The design strays from typical planar carbon fiber and capitalizes on the natural strength and weight savings of tubular carbon fiber. All the parts fit together without conventional fasteners and emulate (I hope) the intuitive spirit of Tinker Toys. Being able to pop the parts together in two minutes without tools is a huge improvement over other frames that require Allen keys, nuts, and screws. Repairs no longer become headaches if disassembly is as easy as 1-2-3. (Literally: 1. Remove tube 2. Replace tube 3. Assemble zip ties.)
All the parts fit together without conventional fasteners and emulate (I hope) the intuitive spirit of Tinker Toys.
To design the Über Design Ü180, I drew on my own experiences as well as on user research data obtained from my racing team, Safety Third. I identified the biggest headaches associated with assembling a quad, such as dropping fasteners in the field, replacing expensive carbon fiber parts, and not having easy access to critical components. Then I sketched a quick layout that would address most of these problems. Making the design work required multiple rounds of prototypes and gathering feedback from a few beta testers. Breaking the frame during testing was always a little disappointing, but on the other hand it afforded me the opportunity to improve the design even more.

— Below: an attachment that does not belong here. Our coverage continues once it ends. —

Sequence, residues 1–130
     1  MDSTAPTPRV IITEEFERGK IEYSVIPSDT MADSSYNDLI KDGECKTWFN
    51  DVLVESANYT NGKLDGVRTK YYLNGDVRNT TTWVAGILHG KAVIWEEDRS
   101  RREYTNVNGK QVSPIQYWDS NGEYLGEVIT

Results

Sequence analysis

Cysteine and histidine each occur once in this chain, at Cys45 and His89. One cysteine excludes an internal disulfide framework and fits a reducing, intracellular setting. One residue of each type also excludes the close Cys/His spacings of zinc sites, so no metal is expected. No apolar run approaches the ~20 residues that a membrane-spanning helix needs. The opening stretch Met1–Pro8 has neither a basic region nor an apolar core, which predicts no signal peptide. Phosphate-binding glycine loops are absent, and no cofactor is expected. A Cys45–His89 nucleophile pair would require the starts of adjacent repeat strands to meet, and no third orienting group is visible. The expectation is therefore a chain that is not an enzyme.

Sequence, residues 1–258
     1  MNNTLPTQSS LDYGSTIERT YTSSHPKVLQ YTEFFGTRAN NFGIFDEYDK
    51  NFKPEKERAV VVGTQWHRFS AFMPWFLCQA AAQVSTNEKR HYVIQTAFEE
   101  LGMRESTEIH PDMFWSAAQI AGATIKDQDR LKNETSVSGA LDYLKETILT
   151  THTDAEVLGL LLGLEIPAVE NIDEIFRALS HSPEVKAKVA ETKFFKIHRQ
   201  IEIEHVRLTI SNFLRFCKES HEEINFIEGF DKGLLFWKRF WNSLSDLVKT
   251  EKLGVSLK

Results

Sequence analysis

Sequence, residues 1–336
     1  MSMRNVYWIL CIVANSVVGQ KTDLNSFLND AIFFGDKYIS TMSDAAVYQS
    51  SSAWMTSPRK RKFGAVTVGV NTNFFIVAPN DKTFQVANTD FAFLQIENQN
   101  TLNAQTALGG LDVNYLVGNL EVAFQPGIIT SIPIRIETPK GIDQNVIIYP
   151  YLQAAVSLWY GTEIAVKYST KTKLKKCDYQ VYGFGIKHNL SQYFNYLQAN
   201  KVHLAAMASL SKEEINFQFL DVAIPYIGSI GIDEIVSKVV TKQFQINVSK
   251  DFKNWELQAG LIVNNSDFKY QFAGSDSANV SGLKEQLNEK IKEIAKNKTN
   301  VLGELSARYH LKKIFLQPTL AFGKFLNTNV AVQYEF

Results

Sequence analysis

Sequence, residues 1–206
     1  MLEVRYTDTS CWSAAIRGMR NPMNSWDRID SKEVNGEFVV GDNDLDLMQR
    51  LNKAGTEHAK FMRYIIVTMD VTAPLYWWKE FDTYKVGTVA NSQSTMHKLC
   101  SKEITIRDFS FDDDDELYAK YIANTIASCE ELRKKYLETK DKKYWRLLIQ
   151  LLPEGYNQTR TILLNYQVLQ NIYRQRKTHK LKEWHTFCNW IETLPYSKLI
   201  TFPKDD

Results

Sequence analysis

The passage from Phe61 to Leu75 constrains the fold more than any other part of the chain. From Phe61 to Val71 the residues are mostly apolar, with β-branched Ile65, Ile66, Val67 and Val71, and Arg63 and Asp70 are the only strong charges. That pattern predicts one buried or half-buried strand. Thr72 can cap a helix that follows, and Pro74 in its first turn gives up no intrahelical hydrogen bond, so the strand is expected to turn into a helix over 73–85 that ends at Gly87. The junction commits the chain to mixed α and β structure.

Go Fly a Drone!
Earlier this month I launched the Ü180 and today it’s freely available to anyone who wants to build one. Just head over to RCGroups, download the parts, and print them out with your own printer or online printing services like Shapeways or MakeXYZ. Or you can buy the kit here: http://uberdesign.us.
When people tell me this is their favorite frame to fly and build, it’s confirmation that prioritizing usability pays off. Running with something tried and true to make a quick buck would have required considerably less effort, but seeing the user research and human factors folks at Bresslergroup work their magic put me in the mindset that good design doesn’t have to be hard to use.